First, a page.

Aβ is also eliminated from the brain along intramural periarterial drainage (IPAD) pathways in the walls of cerebral arteries (Hawkes et al., 2014). In this topic, Morris et al. demonstrate that the basement membranes of capillaries and the basement membranes surrounding smooth muscle cells of arteries form the IPAD pathways of interstitial fluid and Aβ from the brain. The IPAD pathways are small and inaccessible resulting in difficulty for their examination in experimental neuroanatomy. Computational modeling is a method that can accurately simulate biological processes and in this topic, Alexandra Diem et al demonstrates that computational modeling of IPAD is possible and IPAD along basement membranes is a process that is faster compared to diffusion in the extracellular spaces (Diem et al.).

One challenge in experimental neuropathology is translation. In this topic, Humpel presents evidence for the research applications of organoytpic brain sections of 120 μm thickness from 9 month old adult wildtype and transgenic mice expressing amyloid precursor protein (APP) harboring the Swedish K670N/M671L, Dutch E693Q, and Iowa D694N mutations; APP_SDI and cultured for 2 weeks.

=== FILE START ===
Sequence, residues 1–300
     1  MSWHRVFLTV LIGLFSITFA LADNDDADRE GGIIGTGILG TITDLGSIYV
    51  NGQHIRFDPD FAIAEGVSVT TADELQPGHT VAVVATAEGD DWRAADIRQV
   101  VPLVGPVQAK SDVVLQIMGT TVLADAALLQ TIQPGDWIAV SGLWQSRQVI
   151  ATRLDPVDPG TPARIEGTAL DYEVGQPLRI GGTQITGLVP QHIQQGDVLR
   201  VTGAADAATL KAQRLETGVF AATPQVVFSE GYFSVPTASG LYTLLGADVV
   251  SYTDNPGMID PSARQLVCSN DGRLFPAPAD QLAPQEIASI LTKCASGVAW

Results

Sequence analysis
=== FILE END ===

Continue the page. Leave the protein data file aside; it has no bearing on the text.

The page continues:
The route by which Aβ from the brain parenchyma reaches the CSF in the subarachnoid space is unclear as is the selectivity of this route for different molecular species of Aβ or tau. In this special topic, McIntee et al. from the Jorge Ghiso lab demonstrate that monomeric and low molecular weight oligomeric [125I]Aβ1–40 injected into the brain parenchyma are rapidly removed at 5, 30, and 60 min post-injection. Degradation of Aβ in the parenchyma occurred within 5 min and approximately 3% of intra-cerebrally injected 125I-Aβ was found in CSF after 5 min, with 13% 1 h post-injection. This work highlights the need for further assessment of the barrier properties at the interface between the meninges and the cerebral parenchyma as regulators of the CSF protein biomarkers reflecting brain pathology.